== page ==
Kafka's The Trial is not situated in a specific city or a specific historical moment, but the features of this city are relatively modern. The action of the story begins at K.'s lodging house, then shifts to the court offices, which are located an impoverished neighborhood. The rest of the action takes place at K.'s bank, his lawyer Huld's apartment, a cathedral, and finally, a stone quarry outside the town where K. is executed.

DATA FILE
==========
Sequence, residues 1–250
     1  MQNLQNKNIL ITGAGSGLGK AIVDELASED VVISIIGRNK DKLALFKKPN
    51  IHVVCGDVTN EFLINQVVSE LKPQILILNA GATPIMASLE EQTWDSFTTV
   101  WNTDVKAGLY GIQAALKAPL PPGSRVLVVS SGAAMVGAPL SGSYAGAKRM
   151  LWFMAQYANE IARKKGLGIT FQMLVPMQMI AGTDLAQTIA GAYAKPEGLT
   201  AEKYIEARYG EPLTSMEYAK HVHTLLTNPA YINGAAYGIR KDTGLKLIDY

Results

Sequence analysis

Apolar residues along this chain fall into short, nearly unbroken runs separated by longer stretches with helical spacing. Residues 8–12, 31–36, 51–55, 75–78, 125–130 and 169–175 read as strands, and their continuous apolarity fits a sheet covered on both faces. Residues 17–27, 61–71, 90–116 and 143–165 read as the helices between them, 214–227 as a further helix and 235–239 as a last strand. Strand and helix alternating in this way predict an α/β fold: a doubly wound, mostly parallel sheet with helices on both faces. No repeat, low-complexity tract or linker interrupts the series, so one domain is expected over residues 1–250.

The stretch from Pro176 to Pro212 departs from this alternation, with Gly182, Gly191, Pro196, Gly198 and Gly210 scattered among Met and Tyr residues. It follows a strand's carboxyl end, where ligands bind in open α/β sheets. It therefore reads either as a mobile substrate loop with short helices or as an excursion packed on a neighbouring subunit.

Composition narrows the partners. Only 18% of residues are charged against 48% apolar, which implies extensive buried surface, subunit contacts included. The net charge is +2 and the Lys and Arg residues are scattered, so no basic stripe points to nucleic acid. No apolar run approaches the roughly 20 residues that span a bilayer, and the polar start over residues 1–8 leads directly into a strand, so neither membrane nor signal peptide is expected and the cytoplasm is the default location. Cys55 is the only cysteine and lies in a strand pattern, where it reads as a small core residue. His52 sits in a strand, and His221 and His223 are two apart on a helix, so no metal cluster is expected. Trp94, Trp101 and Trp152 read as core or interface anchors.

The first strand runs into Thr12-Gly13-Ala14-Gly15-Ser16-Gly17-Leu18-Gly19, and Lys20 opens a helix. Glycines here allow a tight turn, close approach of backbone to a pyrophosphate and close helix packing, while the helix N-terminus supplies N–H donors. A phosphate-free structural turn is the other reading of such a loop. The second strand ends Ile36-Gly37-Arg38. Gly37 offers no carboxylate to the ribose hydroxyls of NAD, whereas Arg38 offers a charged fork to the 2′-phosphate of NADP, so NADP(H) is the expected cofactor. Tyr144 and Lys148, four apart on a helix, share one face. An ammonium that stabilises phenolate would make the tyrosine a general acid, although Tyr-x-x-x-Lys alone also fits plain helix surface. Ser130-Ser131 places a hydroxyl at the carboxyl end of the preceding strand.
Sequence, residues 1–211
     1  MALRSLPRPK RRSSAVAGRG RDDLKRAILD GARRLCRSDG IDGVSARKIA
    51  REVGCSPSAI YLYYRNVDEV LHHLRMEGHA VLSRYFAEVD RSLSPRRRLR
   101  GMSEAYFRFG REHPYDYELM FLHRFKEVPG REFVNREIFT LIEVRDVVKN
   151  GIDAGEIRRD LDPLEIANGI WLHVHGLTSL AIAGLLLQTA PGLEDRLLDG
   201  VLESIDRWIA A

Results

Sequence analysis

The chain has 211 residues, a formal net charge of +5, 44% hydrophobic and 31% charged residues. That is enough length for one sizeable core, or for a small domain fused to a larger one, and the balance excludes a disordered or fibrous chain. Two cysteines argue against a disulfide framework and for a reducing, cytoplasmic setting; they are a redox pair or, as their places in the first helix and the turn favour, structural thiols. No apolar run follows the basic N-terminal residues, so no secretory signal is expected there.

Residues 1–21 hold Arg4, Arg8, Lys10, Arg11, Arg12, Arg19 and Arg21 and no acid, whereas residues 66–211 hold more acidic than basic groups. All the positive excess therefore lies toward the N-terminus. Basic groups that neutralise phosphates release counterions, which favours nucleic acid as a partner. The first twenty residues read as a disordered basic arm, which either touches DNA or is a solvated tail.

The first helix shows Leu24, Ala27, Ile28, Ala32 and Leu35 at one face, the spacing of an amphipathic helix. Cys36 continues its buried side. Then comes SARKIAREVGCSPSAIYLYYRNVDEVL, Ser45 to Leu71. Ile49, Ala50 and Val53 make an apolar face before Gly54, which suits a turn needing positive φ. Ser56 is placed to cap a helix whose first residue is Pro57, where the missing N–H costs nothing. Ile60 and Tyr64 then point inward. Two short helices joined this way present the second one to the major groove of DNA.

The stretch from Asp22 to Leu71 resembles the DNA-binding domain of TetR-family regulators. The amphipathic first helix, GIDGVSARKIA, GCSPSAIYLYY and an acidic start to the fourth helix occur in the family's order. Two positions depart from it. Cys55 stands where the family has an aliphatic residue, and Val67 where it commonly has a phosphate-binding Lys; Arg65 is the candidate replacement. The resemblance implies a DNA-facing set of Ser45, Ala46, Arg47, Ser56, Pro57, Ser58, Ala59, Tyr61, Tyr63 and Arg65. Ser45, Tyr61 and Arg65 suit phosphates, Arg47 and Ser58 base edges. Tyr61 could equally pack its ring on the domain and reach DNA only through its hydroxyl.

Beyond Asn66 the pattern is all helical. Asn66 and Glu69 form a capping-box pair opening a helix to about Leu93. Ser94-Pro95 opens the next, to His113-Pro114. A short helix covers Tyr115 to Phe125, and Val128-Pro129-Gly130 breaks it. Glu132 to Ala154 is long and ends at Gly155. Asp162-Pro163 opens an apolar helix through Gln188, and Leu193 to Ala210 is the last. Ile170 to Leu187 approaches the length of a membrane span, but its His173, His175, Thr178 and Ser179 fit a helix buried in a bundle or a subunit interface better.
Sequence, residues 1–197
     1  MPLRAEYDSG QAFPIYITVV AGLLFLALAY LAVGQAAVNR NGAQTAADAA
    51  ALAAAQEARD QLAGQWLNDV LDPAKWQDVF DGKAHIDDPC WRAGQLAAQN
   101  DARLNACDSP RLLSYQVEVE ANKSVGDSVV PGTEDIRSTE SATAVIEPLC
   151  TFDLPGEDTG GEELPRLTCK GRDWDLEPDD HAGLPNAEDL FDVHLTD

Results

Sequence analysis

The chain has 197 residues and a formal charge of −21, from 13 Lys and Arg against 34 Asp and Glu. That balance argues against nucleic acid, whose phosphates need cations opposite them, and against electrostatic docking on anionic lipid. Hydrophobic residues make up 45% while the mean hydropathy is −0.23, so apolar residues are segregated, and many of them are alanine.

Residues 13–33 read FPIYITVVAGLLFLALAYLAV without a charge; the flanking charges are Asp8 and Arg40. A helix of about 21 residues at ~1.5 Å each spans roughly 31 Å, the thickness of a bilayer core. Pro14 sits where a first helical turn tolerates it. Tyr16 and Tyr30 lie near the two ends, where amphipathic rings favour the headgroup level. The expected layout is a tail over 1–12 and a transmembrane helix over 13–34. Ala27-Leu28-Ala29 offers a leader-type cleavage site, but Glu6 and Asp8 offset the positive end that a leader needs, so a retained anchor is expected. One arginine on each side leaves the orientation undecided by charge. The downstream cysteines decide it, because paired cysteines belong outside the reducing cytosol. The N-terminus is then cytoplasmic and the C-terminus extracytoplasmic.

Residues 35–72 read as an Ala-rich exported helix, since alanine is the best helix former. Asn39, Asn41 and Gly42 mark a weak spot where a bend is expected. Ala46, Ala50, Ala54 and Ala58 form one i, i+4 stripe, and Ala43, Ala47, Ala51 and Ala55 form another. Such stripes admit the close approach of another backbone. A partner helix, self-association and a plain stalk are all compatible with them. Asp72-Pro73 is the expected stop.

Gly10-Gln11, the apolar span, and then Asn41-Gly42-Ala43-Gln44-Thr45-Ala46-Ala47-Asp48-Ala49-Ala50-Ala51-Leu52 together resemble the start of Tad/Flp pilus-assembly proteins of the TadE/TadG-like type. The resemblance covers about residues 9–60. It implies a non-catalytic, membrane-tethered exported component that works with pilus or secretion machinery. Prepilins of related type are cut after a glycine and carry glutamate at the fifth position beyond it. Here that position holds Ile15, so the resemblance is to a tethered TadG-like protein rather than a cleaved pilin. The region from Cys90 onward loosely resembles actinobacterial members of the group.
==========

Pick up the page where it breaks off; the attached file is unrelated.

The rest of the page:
With each new setting, the novel defies conventional expectations as to what the function and significance of the setting is. The courts, for example, are usually associated with government authority and power, but in the novel, they are located in a rundown neighborhood that bears the scars of urban crowding and industrialization. A majestic cathedral is not a place of spirituality, but a site contaminated by modern (read: bad) paintings and easily infiltrated by a court official like the prison chaplain. By leaving specific place names and dates out of the story, Kafka creates a story that is more generic and universal, inviting the reader to consider how spaces reflect the general decay of human society in the modern era.